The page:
They say your humanities degree will get you nowhere
‘If you want a job, get a science degree’.
That was the headline of an article published in The Times recently.
It explained that, according to some of the biggest firms in the country, studying science or engineering is the way to get employed.
Yes, studying the arts is “very nice”, says the boss of some big firm, “but at the end [students] wonder what the job opportunities are.”
In other words, arts degrees are a waste of time.
According to Unistats, while 78% of Engineering students are employed six months after graduating, the same can be said for an average of just 54% of English, History, Philosophy and Modern Languages students.
As the end of the academic year approaches, most final year students of Engineering and Science seem to be either receiving job offers of full of confidence about their employment prospects.
One final year Engineering student, Oli Short, has no doubt that he’ll find work post-graduating. He said:
I already have a few job options. I think anybody coming to the end of an Engineering degree and being proactive about looking for work will find it.
Everybody on my course who’s looking for work have interviews and with so much opportunity I think everybody will find work.
Anouska Partner, final year Physics student, recently got through to the final stage of a graduate job. She said:
It’s the first assessment centre I’ve been to and I’m really chuffed to be through to the next stage. Fingers crossed it goes just as well!
Meanwhile, many final year humanities students seem to be feeling comparatively lost when it comes to post-graduate employment.
Sophie Phipps, fourth year English and French student, is trying to avoid thinking about what will happen post-graduation. She said:
I don’t want to think about it because currently I feel like unemployment is on the cards. I’m just hoping that being able to speak a language will be useful.”
It raises the question- why bother studying a humanities subject?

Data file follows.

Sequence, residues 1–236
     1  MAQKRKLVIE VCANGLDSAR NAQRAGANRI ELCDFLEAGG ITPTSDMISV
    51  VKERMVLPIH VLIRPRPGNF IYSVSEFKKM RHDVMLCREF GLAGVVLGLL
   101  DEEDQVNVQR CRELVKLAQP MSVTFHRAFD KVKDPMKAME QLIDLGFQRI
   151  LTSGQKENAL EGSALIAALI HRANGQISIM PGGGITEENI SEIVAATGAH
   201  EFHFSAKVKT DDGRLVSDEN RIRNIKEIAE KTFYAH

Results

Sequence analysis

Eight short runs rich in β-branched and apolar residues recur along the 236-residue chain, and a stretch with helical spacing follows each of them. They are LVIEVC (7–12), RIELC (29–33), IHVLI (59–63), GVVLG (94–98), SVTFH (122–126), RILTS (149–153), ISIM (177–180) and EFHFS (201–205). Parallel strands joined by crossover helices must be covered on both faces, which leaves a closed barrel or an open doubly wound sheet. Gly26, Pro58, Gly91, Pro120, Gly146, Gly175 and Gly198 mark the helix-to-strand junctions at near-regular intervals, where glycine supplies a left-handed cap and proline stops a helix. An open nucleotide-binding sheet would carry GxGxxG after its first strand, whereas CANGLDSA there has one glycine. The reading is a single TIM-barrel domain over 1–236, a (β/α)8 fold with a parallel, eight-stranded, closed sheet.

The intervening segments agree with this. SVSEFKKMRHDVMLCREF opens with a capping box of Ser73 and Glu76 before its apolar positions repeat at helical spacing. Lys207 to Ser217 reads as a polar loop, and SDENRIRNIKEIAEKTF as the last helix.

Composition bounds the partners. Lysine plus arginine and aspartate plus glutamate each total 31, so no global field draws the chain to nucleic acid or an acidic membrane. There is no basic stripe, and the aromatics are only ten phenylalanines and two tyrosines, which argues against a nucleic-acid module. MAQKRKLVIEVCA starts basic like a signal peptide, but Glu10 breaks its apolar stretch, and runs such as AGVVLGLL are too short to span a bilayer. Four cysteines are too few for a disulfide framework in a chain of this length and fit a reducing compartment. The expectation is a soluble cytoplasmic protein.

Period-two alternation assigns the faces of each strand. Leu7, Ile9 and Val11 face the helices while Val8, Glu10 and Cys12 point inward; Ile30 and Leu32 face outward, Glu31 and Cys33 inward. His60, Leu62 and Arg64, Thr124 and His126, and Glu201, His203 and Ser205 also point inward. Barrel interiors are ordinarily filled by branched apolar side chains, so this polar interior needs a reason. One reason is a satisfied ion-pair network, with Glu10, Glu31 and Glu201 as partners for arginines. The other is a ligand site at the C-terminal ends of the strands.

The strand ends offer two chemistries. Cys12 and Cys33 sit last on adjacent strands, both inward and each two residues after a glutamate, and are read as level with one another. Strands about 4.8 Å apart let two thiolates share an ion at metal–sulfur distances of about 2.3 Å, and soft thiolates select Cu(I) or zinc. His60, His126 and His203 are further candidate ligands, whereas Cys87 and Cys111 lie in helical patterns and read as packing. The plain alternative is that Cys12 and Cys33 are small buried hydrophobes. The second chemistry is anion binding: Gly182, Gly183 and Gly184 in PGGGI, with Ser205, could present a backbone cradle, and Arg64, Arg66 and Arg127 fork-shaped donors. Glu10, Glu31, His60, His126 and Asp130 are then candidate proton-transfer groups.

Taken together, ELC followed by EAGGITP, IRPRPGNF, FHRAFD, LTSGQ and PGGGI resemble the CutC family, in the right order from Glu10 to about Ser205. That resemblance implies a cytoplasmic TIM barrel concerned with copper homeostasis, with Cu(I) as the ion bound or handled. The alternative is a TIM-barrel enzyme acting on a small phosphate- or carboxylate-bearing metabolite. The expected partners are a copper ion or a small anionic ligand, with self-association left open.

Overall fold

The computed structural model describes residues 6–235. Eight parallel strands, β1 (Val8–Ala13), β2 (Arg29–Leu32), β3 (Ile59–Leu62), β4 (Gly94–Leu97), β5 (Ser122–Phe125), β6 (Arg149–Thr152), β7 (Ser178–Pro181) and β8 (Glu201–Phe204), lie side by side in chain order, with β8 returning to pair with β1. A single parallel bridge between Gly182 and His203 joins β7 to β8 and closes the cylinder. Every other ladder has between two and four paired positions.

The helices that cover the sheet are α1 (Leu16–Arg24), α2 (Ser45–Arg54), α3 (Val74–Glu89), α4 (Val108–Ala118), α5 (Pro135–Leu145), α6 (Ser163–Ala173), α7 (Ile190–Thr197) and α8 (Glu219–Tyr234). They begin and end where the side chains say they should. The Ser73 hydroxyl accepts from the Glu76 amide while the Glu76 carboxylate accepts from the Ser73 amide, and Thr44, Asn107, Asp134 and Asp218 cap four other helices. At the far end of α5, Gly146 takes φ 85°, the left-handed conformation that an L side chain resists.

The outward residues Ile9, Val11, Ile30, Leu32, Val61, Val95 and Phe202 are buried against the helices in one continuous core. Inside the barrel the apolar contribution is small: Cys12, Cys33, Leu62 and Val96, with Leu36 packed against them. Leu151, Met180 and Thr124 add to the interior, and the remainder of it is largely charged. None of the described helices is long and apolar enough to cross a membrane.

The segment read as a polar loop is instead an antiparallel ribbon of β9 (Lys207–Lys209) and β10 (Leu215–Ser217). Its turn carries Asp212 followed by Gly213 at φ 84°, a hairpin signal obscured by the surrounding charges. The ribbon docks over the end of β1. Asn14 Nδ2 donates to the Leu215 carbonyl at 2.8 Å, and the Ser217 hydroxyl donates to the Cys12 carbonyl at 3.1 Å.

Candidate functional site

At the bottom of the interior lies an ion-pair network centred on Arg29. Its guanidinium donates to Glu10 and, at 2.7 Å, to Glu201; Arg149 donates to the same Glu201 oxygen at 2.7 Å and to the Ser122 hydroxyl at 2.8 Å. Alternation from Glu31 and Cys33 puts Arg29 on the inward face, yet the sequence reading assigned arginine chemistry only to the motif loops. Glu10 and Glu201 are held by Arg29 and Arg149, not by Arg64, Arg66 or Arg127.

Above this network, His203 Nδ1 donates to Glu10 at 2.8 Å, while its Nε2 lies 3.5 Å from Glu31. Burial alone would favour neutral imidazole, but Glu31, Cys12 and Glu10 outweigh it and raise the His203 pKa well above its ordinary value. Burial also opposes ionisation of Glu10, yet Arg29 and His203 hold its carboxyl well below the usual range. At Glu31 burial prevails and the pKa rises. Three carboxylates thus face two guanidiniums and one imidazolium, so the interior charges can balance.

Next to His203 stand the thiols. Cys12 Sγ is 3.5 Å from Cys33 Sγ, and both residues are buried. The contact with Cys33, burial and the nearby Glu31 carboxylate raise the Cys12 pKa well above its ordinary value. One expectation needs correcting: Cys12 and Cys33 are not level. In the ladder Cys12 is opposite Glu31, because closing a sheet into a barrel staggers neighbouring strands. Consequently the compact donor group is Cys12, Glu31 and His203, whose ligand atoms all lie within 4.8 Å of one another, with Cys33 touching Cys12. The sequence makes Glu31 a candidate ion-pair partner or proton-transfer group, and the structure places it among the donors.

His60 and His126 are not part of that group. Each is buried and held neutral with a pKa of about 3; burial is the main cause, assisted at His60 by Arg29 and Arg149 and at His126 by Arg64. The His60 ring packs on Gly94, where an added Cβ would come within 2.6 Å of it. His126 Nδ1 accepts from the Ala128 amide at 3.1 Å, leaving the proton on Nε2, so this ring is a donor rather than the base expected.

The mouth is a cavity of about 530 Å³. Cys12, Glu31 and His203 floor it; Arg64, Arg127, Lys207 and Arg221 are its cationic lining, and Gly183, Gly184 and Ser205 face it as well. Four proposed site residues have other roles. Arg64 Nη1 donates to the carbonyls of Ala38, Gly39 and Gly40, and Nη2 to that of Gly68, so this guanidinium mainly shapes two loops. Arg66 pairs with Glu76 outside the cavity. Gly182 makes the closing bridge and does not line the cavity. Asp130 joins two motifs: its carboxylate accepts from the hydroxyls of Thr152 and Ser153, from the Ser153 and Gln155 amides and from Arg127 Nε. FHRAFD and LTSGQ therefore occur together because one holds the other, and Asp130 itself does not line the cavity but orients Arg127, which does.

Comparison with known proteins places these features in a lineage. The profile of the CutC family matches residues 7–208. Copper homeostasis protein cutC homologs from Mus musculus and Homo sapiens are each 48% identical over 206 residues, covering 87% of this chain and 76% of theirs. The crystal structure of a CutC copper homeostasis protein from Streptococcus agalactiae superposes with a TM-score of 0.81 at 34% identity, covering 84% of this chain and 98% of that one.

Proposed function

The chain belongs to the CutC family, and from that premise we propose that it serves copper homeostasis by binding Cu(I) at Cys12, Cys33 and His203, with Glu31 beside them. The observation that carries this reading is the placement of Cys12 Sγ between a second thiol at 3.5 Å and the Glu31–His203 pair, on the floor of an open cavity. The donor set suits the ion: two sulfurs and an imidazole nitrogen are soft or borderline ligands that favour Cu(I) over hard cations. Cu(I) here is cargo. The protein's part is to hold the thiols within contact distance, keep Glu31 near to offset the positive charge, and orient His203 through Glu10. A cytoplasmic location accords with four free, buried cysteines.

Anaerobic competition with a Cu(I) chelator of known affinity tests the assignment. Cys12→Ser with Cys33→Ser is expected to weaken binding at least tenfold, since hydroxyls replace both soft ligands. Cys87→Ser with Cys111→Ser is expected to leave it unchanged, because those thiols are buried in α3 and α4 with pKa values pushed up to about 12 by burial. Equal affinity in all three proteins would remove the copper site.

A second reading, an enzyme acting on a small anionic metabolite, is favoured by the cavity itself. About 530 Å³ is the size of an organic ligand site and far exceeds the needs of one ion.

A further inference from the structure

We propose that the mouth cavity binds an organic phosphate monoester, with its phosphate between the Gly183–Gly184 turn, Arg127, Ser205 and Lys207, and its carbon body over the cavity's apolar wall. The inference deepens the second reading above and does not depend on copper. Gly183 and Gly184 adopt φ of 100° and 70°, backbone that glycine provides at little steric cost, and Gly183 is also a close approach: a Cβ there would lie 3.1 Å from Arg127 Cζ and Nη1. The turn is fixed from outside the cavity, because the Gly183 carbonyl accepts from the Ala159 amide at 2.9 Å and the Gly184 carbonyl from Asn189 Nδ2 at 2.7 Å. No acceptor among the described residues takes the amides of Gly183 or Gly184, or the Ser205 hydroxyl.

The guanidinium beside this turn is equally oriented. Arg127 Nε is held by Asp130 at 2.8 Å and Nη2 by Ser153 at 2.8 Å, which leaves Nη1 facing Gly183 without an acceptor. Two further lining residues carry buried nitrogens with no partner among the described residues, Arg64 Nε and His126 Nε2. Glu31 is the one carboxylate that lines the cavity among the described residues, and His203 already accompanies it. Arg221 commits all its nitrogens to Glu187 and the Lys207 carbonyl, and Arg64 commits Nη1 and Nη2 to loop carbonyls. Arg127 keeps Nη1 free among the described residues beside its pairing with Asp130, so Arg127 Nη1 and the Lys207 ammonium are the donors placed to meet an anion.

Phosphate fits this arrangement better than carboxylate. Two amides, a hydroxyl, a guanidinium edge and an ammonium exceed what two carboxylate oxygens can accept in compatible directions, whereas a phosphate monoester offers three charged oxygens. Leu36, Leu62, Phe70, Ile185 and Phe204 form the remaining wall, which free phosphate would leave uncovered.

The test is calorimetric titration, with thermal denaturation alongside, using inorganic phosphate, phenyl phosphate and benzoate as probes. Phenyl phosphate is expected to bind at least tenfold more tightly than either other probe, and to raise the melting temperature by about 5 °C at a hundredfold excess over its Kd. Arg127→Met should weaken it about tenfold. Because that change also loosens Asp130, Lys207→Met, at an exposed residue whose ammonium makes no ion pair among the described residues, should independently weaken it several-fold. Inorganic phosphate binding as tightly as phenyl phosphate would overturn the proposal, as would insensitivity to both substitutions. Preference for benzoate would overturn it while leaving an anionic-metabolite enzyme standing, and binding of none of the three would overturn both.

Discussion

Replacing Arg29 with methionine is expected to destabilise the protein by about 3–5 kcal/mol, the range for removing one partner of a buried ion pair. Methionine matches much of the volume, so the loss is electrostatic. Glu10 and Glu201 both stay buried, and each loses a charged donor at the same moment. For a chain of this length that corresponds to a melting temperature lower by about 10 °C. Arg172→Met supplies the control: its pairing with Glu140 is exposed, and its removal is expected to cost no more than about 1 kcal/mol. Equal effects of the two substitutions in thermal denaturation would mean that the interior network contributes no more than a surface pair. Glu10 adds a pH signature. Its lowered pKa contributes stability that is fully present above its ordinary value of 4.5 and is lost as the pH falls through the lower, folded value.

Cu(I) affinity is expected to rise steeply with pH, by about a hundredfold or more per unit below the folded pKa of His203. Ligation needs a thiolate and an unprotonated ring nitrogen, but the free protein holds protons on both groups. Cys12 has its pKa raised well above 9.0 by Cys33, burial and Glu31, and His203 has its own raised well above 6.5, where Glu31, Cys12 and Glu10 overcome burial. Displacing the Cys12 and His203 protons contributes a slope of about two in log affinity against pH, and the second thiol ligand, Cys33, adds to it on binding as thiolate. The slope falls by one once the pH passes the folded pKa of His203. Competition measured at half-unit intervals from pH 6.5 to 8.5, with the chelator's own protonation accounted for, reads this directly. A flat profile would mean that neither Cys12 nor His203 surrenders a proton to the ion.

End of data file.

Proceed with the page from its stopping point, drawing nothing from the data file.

The few contact hours are spent discussing Victorian novels or reading about 16th century battles. Many humanities students graduate with no idea as to what sort of job they want to do.
Why don’t we all just do Engineering or Science?
But wait. Imagine society without the arts or humanities. Is that what the government truly wants?
Subjects such as English Literature, History and Philosophy may not point to the jobs that will boost the economy, but something has to be said for the humanistic perspective and critical thinking that they encourage.
Clare Hanson, English lecturer at the University of Southampton, explains that skills learnt in the study of humanities subjects- while perhaps not directly applicable to a job- are invaluable. She said:
Humanities subjects teach students the ability to reflect on situations objectively. They encourage critical thinking skills that can be applied in a wide range of professions, including finance and mangement, where they are often very successful.
English Literature graduate, Sophie Dawson, explains that she is constantly using the transferable skills she gained from her degree. She said:
You don’t realise how it can prepare you for a job because it’s non-specific.
Although I’m not always directly using my degree in my job at the moment, I’m always using skills that I used while studying, such as organising information and researching things.”
In fact, the stats show that unemployment rates among humanities graduates are not very different to that of Engineering graduates, with just 2% difference between them.
Yes, an Engineering degree may place you in better position to find full-time employment straight away, providing you with those technical skills that a lot of the big companies seek in graduates.
But the humanities teach us how to be good social thinkers. At the end of the day, life isn’t all about science and machines.
Are students doing arts degrees wasting their time? Should we all be doing science and engineering? Let us know in the comments below.